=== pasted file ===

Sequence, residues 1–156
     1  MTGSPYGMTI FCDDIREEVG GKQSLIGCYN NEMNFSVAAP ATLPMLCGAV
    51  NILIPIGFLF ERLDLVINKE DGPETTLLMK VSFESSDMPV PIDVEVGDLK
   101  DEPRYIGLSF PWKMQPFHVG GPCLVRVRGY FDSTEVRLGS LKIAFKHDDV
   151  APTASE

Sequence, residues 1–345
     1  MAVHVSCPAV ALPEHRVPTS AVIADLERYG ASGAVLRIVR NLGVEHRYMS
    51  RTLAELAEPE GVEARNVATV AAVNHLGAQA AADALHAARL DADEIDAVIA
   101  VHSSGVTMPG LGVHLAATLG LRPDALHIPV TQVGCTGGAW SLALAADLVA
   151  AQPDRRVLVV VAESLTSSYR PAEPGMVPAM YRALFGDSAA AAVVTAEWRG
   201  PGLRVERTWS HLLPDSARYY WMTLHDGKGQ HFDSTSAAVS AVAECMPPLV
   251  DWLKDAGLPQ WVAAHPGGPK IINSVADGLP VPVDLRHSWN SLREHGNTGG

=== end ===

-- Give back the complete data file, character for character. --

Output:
Sequence, residues 1–156
     1  MTGSPYGMTI FCDDIREEVG GKQSLIGCYN NEMNFSVAAP ATLPMLCGAV
    51  NILIPIGFLF ERLDLVINKE DGPETTLLMK VSFESSDMPV PIDVEVGDLK
   101  DEPRYIGLSF PWKMQPFHVG GPCLVRVRGY FDSTEVRLGS LKIAFKHDDV
   151  APTASE

Sequence, residues 1–345
     1  MAVHVSCPAV ALPEHRVPTS AVIADLERYG ASGAVLRIVR NLGVEHRYMS
    51  RTLAELAEPE GVEARNVATV AAVNHLGAQA AADALHAARL DADEIDAVIA
   101  VHSSGVTMPG LGVHLAATLG LRPDALHIPV TQVGCTGGAW SLALAADLVA
   151  AQPDRRVLVV VAESLTSSYR PAEPGMVPAM YRALFGDSAA AAVVTAEWRG
   201  PGLRVERTWS HLLPDSARYY WMTLHDGKGQ HFDSTSAAVS AVAECMPPLV
   251  DWLKDAGLPQ WVAAHPGGPK IINSVADGLP VPVDLRHSWN SLREHGNTGG